Updated July 2021
We all want to be promoted. Period and end of story. More money, more training, a bigger team to lead, more responsibility, more executive visibility, and one step closer to an even bigger job are just a few of the things that we think about when we hope and try for a promotion. Unfortunately, we cannot always be successful to secure a promotion. Organizations reduce head count, promotions go to other peers, business’ reorganize to react to customer and economic changes, and specific employees can be directly placed into new assignments that we want.
Follow these tips to find ways to take on additional responsibility and visibility to highlight your readiness, ability, and leadership to take that next step in a promotion.
Expanding Your Career In Your Current Job Tip #1 – Complete a Project No One is Working. Initiative is a great way to demonstrate your readiness and abilities for a promotion. Finding a new project the company needs and that you have the ability to complete without jeopardizing your current responsibilities is a fantastic way to demonstrate your abilities. Most employees will need to do a significant amount of research to talk to superiors to find a project, but the internal discussions are well worth the time to find a project that is internally supported and of value to the company. Finally, once you start, make sure you complete the project within 1-2 months.
Expanding Your Career In Your Current Job Tip #2 – Teach a Class to Employees. Every employee in a company has a skill or skill sets that others in the company can benefit from knowing. This is another project where discussions with internal leaders, peers, and other employees can help you find 2-3 ideas on skill sets that you know and that others want to know how to do. This can be a skill from the time in military service or an overview of your competitor’s strengths and weaknesses.
Expanding Your Career In Your Current Job Tip #3 – Volunteer Within an ERG. Employee Resource Groups or ERG’s are diversity groups that incorporate minority employee groups and align those groups to company initiatives and strategies. ERG’s have member development groups, annual conferences, and ways to help group members get promoted. Working on an ERG project gets visibility, helps peers develop, and gets you visibility from company senior leaders.
Expanding Your Career In Your Current Job Tip #4 – Find New Customers For Your Company. Every single company likes and wants to grow as much as they can. Conducting a marketing study for your company, determining ways to produce products at a lower cost, and finding new markets for existing products are ways to create a big impression. Additionally, finding ways to help your company’s customers have a better experience with your company makes your customers happy and your company perform better with customers. This project requires good internal coordination and discussion, but helping your company improve is an amazing way to make a positive impression.
Expanding Your Career In Your Current Job Tip #5 – Ask Your Boss for More Responsibility. Asking your boss for the opportunity to do more in your current job is probably one of the best ways to get a very favorable assessment from your boss. This also gives you a great opportunity to have a strategic discussion with your boss to discuss their goals, what the boss’s boss says, and have a back and forth on what your team requires to be successful.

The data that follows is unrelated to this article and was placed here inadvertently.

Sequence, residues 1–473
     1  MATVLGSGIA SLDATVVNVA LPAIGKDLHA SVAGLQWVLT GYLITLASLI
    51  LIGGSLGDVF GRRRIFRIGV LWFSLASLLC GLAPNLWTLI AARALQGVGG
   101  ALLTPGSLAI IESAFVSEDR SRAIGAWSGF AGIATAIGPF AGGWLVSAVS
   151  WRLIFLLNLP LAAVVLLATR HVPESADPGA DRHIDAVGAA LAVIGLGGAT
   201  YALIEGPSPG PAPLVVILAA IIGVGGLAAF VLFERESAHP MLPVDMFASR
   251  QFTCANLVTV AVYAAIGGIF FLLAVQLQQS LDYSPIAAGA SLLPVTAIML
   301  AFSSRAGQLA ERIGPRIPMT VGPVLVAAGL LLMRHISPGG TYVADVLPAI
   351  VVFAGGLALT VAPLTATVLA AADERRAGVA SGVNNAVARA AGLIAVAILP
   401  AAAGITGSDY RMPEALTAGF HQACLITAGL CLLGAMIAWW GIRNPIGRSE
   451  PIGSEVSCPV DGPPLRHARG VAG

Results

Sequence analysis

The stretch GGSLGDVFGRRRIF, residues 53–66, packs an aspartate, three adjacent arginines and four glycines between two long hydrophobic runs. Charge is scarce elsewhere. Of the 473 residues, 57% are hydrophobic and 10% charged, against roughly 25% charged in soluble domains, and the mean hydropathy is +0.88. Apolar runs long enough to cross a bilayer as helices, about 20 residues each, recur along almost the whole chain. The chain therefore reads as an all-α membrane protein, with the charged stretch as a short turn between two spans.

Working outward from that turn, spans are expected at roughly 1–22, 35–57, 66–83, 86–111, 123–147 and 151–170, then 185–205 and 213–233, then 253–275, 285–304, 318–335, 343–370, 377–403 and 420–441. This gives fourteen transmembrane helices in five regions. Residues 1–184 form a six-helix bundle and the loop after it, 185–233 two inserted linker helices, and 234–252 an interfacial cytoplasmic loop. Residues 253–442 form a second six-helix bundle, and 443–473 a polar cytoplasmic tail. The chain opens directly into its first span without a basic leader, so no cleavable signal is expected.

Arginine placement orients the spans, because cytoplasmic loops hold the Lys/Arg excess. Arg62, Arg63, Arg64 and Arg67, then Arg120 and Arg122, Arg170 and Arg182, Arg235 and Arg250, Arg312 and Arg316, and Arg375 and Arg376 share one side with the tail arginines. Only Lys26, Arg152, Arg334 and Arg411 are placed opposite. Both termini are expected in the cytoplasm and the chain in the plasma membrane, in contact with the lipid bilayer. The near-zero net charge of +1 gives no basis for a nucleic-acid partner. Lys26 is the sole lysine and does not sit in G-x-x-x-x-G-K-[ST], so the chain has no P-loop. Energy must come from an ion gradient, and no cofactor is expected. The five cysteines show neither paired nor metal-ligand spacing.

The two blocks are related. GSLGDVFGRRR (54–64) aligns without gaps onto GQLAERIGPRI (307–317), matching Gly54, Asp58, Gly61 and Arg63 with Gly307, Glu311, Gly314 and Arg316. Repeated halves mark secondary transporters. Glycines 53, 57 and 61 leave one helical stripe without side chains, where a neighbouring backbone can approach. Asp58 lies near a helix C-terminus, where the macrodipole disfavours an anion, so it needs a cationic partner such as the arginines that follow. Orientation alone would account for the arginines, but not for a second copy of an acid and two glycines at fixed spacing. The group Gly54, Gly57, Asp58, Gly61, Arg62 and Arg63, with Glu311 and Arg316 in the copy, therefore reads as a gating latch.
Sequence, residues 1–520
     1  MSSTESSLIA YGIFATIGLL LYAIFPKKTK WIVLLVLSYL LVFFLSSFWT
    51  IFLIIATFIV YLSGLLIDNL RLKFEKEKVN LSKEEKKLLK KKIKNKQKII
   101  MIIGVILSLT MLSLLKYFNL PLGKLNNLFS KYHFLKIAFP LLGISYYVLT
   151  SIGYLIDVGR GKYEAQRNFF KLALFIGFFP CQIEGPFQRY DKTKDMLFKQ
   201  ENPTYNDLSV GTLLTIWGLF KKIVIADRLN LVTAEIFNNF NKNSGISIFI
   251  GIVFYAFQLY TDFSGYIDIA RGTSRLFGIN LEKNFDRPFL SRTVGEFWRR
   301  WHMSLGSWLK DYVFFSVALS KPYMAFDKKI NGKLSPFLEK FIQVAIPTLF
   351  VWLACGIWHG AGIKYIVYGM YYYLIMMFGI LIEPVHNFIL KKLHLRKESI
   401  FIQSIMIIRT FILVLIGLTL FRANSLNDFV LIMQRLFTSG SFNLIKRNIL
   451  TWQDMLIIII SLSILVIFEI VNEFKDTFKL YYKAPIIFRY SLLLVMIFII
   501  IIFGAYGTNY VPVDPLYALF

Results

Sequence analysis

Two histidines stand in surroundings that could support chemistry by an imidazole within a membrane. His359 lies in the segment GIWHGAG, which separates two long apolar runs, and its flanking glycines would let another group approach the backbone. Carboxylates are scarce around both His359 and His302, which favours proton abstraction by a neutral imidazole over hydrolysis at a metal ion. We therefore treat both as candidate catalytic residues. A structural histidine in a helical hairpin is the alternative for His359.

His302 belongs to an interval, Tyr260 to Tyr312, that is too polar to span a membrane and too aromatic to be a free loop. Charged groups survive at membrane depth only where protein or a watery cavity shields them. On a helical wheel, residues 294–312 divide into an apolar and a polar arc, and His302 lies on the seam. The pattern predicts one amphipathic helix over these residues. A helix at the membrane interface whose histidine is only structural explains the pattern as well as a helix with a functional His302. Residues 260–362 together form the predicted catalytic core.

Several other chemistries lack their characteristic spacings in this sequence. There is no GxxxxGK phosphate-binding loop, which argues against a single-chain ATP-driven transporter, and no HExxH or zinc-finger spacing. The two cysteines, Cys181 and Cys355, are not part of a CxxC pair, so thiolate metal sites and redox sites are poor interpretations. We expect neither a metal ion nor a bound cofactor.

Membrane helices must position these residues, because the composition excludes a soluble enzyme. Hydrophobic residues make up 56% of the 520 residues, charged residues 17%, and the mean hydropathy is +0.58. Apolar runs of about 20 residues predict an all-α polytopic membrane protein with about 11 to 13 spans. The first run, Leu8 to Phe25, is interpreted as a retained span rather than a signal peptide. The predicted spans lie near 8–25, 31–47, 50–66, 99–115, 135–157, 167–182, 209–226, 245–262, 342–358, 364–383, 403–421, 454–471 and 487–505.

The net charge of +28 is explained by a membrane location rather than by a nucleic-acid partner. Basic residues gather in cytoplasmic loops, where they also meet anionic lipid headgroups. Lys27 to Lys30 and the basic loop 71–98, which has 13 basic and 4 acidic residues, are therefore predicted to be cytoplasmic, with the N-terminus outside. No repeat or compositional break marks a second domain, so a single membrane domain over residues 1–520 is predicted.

These five tips are just a few ideas for you to take on more responsibility, find new ways to deliver value to your company, and give employees new skill sets that will help their careers. Promotions come and go. Acting, leading, and serving as an employee that is ready, willing, and able to take on additional responsibility shows that you are the person the company needs to look at for your company’s current and future success.
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About the blogger:
Chad is the author of two books: (1) Combat Leader to Corporate Leader and (2) Battlefield to Business Success. Chad’s brand message is that organizations & individuals need to translate and apply military skills to business because they immediately produce results and are cost effective. Chad is a retired US Army Special Forces Lieutenant Colonel with 20+ years of Active and Reserve service in infantry, Special Forces, and joint headquarters units. He served in Iraq, Bosnia, Korea, and throughout the United States. He was awarded the Bronze Star, the Combat Infantryman Badge, the Meritorious Service Medal, the Special Forces Tab, and the Ranger Tab. Chad is an adjunct Lecturer of Marketing at Creighton University in Omaha, NE. In addition to teaching, he is a mid-level marketing executive and has worked in marketing and sales roles for various companies, including General Electric, Comcast, and Manugistics. He has been published in over 110 different articles in over 85 separate publications including The Harvard Business Review blog, Business Week Online, Forbes, Christian Science Monitor, and USA Today. He has a BA from Northwestern University and an MBA from Georgetown University.
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